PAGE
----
Psalm 121

“I lift up my eyes to the mountains—where does my help come from? My help comes from the Lord, the Maker of heaven and earth. He will not let your foot slip—he who watches over you will not slumber; indeed, he who watches over Israel will neither slumber nor sleep. The Lord watches over you—the Lord is your shade at your right hand; the sun will not harm you by day, nor the moon by night. The Lord will keep you from all harm—he will watch over your life; the Lord will watch over your coming and going both now and forevermore”

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6 Responses to “When you make realizations”

  1. The first day I heard my therapist say to me, “you have an eating disorder,” I felt an immense sense of relief. I was amazed that, despite what ED would say to me, there was a reason for all of these horrible thoughts, feelings and behaviors. I was actually sick.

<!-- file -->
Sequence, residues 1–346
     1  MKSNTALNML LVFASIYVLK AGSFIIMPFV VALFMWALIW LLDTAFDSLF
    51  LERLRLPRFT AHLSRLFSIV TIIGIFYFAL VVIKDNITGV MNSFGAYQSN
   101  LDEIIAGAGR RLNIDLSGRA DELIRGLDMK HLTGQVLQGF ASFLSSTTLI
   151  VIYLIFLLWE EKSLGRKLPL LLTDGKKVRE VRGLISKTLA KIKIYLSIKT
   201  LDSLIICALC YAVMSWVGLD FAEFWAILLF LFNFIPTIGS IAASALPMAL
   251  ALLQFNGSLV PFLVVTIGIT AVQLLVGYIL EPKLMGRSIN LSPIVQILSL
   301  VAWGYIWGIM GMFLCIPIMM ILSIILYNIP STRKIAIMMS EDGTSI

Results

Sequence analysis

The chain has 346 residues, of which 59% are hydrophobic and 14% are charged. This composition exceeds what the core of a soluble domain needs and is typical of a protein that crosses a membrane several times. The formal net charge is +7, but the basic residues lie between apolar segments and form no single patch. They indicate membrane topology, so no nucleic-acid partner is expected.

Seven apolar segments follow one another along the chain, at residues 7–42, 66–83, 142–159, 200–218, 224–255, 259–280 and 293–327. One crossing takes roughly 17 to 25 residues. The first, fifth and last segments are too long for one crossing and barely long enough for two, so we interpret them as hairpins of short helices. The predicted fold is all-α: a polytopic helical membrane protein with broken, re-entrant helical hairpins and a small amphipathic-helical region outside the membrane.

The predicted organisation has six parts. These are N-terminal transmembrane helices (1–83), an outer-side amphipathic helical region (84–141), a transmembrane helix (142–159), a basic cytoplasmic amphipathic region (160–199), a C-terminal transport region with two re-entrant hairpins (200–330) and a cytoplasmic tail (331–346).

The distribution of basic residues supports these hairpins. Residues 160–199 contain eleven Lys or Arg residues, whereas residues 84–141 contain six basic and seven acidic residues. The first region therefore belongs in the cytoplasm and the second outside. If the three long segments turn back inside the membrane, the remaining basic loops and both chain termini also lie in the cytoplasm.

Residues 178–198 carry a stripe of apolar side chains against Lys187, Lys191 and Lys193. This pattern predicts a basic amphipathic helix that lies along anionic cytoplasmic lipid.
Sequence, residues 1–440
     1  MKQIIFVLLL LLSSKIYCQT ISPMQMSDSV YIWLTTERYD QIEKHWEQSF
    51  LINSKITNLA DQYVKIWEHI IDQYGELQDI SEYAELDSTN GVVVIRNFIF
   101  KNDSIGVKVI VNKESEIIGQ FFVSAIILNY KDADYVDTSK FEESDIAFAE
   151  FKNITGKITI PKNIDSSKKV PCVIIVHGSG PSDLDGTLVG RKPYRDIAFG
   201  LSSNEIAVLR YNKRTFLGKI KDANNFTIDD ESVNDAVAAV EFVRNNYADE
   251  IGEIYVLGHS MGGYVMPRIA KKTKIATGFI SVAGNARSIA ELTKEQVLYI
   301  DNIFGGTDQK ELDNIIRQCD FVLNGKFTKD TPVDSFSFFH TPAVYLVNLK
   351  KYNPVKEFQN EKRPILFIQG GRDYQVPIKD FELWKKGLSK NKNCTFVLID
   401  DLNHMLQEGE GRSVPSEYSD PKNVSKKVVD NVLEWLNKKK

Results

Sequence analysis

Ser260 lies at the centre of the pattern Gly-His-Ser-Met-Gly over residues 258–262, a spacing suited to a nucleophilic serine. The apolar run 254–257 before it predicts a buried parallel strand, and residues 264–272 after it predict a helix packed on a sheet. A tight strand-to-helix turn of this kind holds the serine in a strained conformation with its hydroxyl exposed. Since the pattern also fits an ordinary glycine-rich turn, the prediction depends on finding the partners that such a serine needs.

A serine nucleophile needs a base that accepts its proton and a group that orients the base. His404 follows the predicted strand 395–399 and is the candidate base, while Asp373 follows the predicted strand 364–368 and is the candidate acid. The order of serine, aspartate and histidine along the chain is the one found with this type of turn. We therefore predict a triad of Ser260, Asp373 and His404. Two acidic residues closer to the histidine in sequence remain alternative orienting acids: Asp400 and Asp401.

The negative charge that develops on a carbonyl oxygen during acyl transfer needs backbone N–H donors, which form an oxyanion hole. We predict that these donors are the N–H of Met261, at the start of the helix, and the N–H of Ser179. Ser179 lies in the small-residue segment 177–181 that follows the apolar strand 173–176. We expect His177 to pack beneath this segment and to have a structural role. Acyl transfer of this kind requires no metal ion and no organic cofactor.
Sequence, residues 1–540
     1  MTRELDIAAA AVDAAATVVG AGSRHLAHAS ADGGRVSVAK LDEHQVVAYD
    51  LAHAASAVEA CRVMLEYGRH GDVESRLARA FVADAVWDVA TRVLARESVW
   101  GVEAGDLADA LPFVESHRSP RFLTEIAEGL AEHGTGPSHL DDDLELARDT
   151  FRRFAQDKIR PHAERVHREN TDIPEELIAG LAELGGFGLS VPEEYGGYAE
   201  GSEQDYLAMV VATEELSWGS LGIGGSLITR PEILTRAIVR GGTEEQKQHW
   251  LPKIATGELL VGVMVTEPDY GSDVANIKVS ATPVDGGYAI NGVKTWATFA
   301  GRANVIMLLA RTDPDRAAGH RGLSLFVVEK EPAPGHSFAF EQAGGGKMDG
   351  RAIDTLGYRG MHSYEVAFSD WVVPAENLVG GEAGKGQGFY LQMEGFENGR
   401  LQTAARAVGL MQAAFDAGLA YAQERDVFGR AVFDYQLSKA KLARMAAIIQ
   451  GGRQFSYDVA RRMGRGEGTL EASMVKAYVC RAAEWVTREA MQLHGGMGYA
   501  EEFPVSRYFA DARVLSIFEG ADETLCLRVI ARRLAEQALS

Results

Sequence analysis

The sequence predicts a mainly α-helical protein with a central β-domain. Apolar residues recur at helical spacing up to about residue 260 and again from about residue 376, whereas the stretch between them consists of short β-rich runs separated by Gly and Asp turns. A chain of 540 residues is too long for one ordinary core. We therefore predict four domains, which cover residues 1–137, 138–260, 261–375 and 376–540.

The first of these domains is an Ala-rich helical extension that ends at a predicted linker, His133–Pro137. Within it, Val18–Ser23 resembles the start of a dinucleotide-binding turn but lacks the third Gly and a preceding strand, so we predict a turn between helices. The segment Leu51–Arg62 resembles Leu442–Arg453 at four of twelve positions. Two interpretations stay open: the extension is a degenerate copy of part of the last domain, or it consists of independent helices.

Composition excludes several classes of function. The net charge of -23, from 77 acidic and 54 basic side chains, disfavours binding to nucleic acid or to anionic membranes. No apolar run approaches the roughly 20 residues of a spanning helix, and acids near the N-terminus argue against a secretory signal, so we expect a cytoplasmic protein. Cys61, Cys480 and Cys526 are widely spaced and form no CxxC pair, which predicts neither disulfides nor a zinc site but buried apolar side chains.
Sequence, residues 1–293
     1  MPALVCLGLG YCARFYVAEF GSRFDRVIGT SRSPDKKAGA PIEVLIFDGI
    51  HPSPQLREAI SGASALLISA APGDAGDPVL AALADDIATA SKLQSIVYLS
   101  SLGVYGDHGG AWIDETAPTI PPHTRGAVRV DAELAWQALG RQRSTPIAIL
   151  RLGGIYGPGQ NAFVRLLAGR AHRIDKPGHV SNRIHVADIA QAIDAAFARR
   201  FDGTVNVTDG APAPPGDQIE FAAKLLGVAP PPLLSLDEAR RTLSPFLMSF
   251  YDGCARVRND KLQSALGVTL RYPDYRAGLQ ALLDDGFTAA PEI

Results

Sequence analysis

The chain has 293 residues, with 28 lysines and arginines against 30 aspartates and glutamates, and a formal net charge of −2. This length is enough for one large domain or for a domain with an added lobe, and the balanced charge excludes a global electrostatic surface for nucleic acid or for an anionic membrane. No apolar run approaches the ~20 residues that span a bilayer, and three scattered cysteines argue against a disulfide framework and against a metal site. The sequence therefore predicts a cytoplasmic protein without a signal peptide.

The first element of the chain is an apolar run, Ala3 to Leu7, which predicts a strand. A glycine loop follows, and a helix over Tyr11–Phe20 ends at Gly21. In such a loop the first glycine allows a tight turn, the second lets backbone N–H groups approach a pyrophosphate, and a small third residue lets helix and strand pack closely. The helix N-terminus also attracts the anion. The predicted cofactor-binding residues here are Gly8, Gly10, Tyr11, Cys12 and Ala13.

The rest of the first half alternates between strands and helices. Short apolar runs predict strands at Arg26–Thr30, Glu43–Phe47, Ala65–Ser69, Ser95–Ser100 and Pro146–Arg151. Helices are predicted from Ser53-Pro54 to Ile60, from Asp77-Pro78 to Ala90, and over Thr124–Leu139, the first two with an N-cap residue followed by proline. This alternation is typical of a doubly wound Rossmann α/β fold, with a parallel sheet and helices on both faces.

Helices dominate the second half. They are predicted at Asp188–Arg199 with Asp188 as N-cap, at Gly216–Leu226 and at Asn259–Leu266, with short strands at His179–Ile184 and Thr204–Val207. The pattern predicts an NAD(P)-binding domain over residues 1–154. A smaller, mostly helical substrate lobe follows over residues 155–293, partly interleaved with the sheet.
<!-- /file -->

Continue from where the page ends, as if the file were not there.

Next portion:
Since then, I can barely say the words, “I have an eating disorder.” They don’t flow off of my tongue, and I feel as though people will laugh and think that I’m just being dramatic. Despite the diagnosis, ED still thinks I am unworthy.

    It’s not easy, so, kudos to you for saying those words out loud. I will say them with you:

    I, Rosalyn Jonson, have an eating disorder.

    • rheasofhope Says:

      I feel the exact same way most of the time; like the words are foreign in my mouth.
      It takes an immense amount of strength and courage to say the words and take your power back from ED. I am so glad you are able to realize it and say it with me. All the very best in your recovery sweetie. We will get there. We will win our lives back from ED and will will be living proof that recovery is possible. Take care!

  2. Jordan Says:

    I’m so proud of your honesty.

    • rheasofhope Says:

      Thank you. Honesty with myself and others has been a huge part of my recovery. Owning my disease, holding myself accountable for recovery and being honest with others about my needs has been a critical piece of my recovery. I wish you well on your continued recovery too. Take care!